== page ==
One of Mzanzi’s most exciting female sommeliers, 28-year-old Taryn Nortje (of Marble fame), recently joined the award-winning Restaurant Mosaic in Pretoria. Taryn joining Chef Chantel Dartnall’s team at Mosaic has had the culinary crowd riled up in excitement. The rave comes at the hand of Mosaic cleaning the plate at 2017 Eat Out Awards. Taryn will work with renowned wine expert Moses Magwaza (who won the coveted Wine Service Award last year).
As part of the Mosaic Boutique Hotel, Restaurant Mosaic specialises in gourmet de jure headed by one of the most talented chefs (in our humble opinion), Chantel Dartnall. Having travelled the world, Chantel found her second home in Paris where she fell in love with the Belle Epoque Restaurants. Renowned South African Impressionist artists and interior decorators were commissioned to step back in time to the romantic early 1900s to create a restaurant that was both romantic and unique. restaurant Mosaic owns an intimate feel with booth-type seats and two private dining rooms.
Who is Taryn Nortje?
I was born in Carletonville and grew up in the North West Province. My family now lives in Hermanus. Growing up I loved going to the theatre, writing, directing and acting in school plays. My favourite subjects were Speech and Drama and Geography and I initially studied a Bachelor of Arts at Rhodes University.
How did your love affair with wine and your journey to becoming a sommelier begin?
I was waitressing in the Hemel-en-Aarde Valley and loved the idea of being able to explain the wines a little better to the guests. I completely immersed myself into the world of wine. After I’d completed my first wine course I knew my life would be dedicated to wine.
What does the training involve and what are the attributes needed to become a sommelier?
I’ve worked in restaurants a lot which built the foundation of my career as a sommelier. Sommeliers need to taste as much wine as possible, have an enquiring mind and must be prepared to learn all the time. It’s a profession we spend our lives attempting to master. I hope to inspire more woman to enter the field and urge more establishments to support the growth of female sommeliers.
What have you studied (wine wise)?
I completed the Advanced Garagist winemaking course through the Faculty of Oenology and Viticulture at the Stellenbosch of University; the Front of House Course at the Cape Wine Academy; Certificate Course, Cape Wine Academy; Wine and Spirits Education Trust Level 3 with merit and Cape Wine Academy Diploma. I am also preparing to join the Court of Master Sommeliers.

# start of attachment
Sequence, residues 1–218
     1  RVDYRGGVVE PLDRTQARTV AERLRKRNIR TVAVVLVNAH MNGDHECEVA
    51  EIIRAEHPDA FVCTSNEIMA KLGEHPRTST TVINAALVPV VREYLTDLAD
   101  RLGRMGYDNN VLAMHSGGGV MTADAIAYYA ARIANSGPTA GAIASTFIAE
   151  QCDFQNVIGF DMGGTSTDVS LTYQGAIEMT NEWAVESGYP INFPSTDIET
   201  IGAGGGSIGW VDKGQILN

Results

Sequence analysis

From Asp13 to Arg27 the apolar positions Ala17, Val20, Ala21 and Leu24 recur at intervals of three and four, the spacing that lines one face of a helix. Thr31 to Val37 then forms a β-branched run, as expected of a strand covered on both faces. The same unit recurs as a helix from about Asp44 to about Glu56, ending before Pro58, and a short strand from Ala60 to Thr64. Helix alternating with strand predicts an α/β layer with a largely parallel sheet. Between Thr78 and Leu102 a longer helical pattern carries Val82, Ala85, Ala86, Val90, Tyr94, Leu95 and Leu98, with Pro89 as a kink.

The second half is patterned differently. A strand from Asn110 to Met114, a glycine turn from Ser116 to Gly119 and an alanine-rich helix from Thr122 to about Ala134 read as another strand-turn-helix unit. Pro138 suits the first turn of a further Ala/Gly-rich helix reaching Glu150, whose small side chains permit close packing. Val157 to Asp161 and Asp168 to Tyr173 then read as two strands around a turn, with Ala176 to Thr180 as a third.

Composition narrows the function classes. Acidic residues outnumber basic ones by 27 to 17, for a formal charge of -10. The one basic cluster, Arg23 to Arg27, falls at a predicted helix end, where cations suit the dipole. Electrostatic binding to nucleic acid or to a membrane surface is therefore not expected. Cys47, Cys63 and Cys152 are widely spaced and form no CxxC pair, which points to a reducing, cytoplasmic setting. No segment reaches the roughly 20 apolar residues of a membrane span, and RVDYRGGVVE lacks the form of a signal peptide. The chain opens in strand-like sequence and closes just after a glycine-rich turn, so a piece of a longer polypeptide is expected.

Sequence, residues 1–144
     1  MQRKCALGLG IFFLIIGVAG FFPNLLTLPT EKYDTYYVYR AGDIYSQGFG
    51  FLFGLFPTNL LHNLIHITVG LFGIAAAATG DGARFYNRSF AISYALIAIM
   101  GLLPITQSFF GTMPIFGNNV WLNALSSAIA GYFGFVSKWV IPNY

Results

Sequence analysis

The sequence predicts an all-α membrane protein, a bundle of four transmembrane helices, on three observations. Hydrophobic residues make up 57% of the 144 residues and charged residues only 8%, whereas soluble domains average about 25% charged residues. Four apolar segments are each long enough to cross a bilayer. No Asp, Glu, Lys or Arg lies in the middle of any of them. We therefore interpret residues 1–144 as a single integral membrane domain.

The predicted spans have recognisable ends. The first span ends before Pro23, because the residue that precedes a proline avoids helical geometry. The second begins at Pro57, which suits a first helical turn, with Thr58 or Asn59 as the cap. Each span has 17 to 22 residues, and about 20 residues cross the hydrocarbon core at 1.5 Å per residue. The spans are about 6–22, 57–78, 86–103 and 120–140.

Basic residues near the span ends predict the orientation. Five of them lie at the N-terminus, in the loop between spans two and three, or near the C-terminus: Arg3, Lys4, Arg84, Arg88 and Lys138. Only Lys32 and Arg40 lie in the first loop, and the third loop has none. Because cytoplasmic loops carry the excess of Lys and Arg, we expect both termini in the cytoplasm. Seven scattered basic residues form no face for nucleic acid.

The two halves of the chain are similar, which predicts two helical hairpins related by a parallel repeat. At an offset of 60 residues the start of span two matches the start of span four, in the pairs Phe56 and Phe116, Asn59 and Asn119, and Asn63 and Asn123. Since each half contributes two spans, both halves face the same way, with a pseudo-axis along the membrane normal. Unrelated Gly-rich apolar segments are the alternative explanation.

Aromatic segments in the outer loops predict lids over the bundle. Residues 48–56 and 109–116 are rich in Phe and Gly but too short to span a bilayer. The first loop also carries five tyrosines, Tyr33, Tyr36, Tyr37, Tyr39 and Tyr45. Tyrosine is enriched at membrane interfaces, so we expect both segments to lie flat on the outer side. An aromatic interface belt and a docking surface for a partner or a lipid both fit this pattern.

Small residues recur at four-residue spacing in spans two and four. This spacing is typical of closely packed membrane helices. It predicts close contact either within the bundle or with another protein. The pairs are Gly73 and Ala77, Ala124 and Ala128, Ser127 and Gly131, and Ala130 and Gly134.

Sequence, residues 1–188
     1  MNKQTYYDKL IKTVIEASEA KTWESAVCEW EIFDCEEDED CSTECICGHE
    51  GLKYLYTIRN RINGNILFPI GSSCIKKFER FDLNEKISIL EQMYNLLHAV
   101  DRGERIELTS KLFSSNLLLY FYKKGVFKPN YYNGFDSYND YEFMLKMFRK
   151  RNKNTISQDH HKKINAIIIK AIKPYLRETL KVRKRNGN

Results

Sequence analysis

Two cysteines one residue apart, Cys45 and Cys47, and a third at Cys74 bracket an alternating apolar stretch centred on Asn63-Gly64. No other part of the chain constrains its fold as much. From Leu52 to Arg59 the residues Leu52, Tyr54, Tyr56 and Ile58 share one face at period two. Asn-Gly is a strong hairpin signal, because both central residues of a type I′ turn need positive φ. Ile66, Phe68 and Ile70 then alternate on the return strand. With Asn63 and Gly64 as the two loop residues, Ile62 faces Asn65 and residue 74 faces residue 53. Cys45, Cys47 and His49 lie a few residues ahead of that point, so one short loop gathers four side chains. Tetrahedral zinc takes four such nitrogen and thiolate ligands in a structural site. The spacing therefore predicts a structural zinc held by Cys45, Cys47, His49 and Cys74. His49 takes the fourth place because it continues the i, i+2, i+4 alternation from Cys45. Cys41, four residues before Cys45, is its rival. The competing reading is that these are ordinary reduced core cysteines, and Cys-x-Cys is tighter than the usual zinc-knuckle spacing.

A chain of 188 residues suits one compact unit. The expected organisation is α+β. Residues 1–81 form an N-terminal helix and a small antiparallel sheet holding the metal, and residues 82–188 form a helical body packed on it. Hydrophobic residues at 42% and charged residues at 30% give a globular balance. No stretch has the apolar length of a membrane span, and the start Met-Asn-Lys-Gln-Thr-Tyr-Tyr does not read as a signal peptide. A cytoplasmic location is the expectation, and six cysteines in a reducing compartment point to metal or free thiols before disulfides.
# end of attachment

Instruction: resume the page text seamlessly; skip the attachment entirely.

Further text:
What is your favourite varietal of wine grape?
Chardonnay by far.
Do you have any hard and fast tips you can give wine fanatics?
Invest in some really great stem wear. Don’t leave your wine in the car in extremely hot conditions, this will result in irreversible heat damage. Don’t be afraid of the sommelier, we want to share our knowledge with you and we love talking about our favourite topic which is wine and food.
What do you look for in the wines you drink?
A well-made, balanced wine.
What’s the down-low in the wine trend world?
Firstly, I’m so excited that more and more people are drinking Chardonnay. Cab Franc is so in right now. There’s also the controversial natural wine “movement” which has no official guidelines. Trends will come and go, but a well-made wine will never go out of fashion.
In your opinion, what blatant mistakes do people make when it comes to wine?
A common misconception many people have is that in order to enjoy wine you have to know a lot about it. My goal is make wine less intimidating and more accessible to people.
What’s the importance of food and wine pairing?
If it grows together it generally goes together, these are the classic pairings we have all grown to know and love but something really interesting happens when we start using our senses. Taking the texture or temperature of the food/and various wine styles into consideration when building a harmonious pairing. I love vertical pairings, almost contrasting the elements between the food and wine will at the same time illuminate the nuances in each. That’s where you’ll stumble upon the most rewarding taste sensations.
You’ve been in the game for a while, are more and more people getting into wine?
Most definitely! Wine shows are now major events on social calendars and more and more wine clubs are starting up. Even boutique wine stores have started arranging pop-up wine tastings outside their stores on weekends.
Any wise words to budding sommeliers and aficionados?
A sommelier’s main role is to provide a professional service; to advise/guide the guests through the wine list. Ultimately enhancing the guest’s experience at the restaurant. I like to ask my guests what they enjoy drinking and then I work around that, cultivars, styles of wines and price points. As a sommelier you have to be really good at reading people, you have to be personable. It takes a lot of studying, emotional stamina and patience in order to be a great sommelier and great sommeliers teach their colleagues about wine. Education is paramount to a sommelier’s growth. The more I study wine the more I realise how much I don’t know. Humility is key!